Clarehaven Stables

Located just off the Bury Road, the yard’s peaceful setting borders Newmarket’s extensive training grounds. Its own wide range of facilities includes four covered horse walkers, two high speed treadmills, an indoor school and outdoor trotting ring, plus grass turn out pens.

Built at the turn of the 20th Century, Clarehaven Stables has housed some of the best-known thoroughbreds to have raced on British turf; starting with the remarkable Pretty Polly, the 1904 Triple Crown winner, through to 11-time Group 1 winning mare and dual Prix de l’Arc de Triomphe winner, Enable, over 100 years later.

Clarehaven Stables
The Limekilns
Newmarket Training Grounds

Newmarket Training Grounds

The Newmarket Training Grounds span 2,500 acres and boast an unequalled array of facilities in terms of their scale and variety, facilities which are available to all Newmarket trainers.

Racehorses have been trained here for over 350 years and integral to its enduring status as ‘the headquarters of racing’ is Newmarket Heath. Managed by Jockey Club Estates, the turf on the Heath has been protected and nurtured for centuries, avoiding being ploughed up during the wars and being kept free of railway lines and new roads.

As well as protecting the Heath, Jockey Club Estates has invested millions of pounds in new facilities and the latest artificial surfaces.

"As well as the unparalleled quality of the training facilities
provided by The Jockey Club, we are always developing
and improving Clarehaven Stables to give every
horse in our care the best opportunity
for success."

Thady Gosden

Photo of horses training

For the horses based Clarehaven, the facilities most regularly used include the famous Warren Hill canters, the legendary turf on the Limekilns and the all-weather gallop known as the Al Bahathri.

The ascent to the top of Warren Hill has been used for training and conditioning racehorses since the 17th Century. Now with two artificial canters, Warren Hill rises 40 metres in the last two furlongs.

Spread over 200 acres, the Limekilns gallops include the Golden Mile and the Round, both of which are peat moss, and they are among the finest set of grass gallops in the world.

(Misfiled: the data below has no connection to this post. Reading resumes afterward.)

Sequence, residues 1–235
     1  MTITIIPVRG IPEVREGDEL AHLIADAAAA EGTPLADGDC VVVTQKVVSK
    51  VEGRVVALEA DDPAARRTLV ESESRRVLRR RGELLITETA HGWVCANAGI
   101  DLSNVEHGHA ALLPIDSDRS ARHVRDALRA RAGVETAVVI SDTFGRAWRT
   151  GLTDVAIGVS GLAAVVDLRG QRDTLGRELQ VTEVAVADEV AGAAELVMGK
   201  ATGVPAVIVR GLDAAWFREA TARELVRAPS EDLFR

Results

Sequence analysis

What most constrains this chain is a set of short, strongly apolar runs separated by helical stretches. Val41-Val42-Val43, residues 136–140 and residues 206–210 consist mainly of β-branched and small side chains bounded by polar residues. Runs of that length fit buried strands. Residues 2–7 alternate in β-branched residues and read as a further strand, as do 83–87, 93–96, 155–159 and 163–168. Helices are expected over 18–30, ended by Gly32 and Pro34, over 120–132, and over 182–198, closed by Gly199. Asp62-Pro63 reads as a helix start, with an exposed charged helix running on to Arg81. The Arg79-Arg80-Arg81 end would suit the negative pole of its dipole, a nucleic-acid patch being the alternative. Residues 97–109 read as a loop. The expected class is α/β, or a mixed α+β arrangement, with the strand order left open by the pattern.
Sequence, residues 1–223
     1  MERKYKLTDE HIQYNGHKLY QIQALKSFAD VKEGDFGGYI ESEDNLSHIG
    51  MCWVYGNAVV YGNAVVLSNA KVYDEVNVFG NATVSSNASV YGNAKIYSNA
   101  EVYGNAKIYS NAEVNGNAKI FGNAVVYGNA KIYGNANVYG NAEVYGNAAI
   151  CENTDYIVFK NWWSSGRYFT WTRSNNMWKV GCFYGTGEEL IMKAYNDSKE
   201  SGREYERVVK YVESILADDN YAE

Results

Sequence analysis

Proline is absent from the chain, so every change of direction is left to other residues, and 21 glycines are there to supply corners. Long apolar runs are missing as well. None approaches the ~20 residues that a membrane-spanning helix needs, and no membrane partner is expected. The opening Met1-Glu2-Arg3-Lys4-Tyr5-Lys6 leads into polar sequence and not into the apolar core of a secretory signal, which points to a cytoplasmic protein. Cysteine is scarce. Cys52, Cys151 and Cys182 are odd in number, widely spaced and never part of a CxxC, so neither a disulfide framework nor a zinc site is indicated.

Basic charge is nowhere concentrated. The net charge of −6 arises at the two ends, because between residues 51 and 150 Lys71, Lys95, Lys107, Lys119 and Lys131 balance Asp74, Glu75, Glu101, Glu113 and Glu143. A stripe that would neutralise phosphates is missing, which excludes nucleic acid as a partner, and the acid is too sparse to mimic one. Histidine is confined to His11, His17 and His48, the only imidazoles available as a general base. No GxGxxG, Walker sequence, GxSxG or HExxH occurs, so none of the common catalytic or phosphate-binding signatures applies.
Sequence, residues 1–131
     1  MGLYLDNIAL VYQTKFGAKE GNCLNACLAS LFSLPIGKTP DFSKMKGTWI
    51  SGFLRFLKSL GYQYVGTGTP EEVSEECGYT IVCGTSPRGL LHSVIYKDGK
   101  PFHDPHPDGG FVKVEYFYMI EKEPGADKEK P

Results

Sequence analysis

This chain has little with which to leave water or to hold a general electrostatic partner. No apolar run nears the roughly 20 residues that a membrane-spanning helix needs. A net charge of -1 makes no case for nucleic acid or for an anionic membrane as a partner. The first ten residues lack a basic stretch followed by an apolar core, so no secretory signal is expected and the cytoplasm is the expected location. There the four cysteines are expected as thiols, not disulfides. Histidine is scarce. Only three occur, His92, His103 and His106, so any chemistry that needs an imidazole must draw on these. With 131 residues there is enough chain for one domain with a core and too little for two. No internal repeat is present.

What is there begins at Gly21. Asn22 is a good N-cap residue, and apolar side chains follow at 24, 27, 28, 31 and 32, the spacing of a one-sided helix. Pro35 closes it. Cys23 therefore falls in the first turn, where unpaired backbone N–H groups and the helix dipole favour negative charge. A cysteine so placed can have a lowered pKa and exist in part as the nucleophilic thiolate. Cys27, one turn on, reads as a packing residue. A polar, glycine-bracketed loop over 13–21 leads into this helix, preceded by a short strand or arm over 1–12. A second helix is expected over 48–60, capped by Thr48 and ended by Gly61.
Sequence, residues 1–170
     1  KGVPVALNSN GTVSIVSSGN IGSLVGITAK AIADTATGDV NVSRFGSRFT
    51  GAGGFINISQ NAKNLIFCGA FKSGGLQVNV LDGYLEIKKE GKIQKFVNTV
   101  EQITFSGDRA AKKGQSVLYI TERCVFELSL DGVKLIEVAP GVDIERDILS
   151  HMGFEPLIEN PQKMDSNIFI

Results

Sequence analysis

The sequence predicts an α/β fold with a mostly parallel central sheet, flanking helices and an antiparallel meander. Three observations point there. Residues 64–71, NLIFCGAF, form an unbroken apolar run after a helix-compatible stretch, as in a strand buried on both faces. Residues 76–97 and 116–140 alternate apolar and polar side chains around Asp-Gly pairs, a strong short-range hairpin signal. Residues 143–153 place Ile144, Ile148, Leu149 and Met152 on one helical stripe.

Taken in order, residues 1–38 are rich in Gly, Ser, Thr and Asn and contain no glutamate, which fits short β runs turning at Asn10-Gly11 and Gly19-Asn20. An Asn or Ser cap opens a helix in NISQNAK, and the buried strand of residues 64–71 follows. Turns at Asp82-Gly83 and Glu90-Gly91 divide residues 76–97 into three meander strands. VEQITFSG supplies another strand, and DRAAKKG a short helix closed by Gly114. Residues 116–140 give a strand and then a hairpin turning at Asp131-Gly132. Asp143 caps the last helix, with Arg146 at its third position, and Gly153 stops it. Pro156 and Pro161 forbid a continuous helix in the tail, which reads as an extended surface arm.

Located off just the Bury Road, the Al Bahathri is 9 furlongs long and was Newmarket’s first ‘waxed’ synthetic surface back in 1985. Now Polytrack, it was further refurbished in 2018.

Top: Warren Hill Canter; Above: The Al Bahathri


The yard was built at the turn of the 20th Century and its first occupant was Peter Gilpin who named the yard Clarehaven after a horse he had trained to win the 1900 Cesarewitch.

Gilpin’s Clarehaven career got off to a flying start thanks to the exploits of the exceptional filly, Pretty Polly, who won the Triple Crown in 1904 and in doing so helped Gilpin become champion trainer that same year. Pretty Polly eventually won 22 of her 24 races before her retirement in 1906, the same year in which Gilpin enjoyed further Classic success when Spearmint won the Derby.

After the First World War, Gilpin secured another landmark for Clarehaven when winning the inaugural running of the Prix de l’Arc de Triomphe with Comrade in 1920. However, it would be more than thirty years before the next Classic winner was trained from the yard.

In 1952, trainer Geoffrey Brooke was installed at Clarehaven and within two seasons, Brooke delivered a Classic winner when Our Babu won the 2000 Guineas. Our Babu was owned by David Robinson, who himself would go on to purchase Clarehaven in 1968, at a time when the self-made British businessman had over 150 horses in training.

Under Robinson’s ownership, trainer Paul Davey took over the reins from Geoffrey Brook and among the top-class horses to come under Davey’s care was My Swallow. The winner of all seven of his starts as a two-year-old, My Swallow had the misfortune to be of the same generation as both Brigadier Gerard and Mill Reef, finishing third in the 1971 running of the 2000 Guineas in what became a legendary renewal of the Classic.


Another outstanding horse to be trained at Clarehaven was Mtoto, a dual winner of the Eclipse in 1987 and 1988, as well as winner of the King George VI and Queen Elizabeth Stakes. Mtoto was trained by Alec Stewart, whose training career and life was cruelly cut short by cancer aged just 49 in 2004.

In 2006 John Gosden took on Clarehaven, returning to Newmarket after a spell training at Manton in Wiltshire. He has remained there to the present day, joining forces with his son Thady in 2021. John and Thady Gosden have continued the rich history of success at Clarehaven being responsible for a succession of champions and top-class performers during their tenure.

History of Success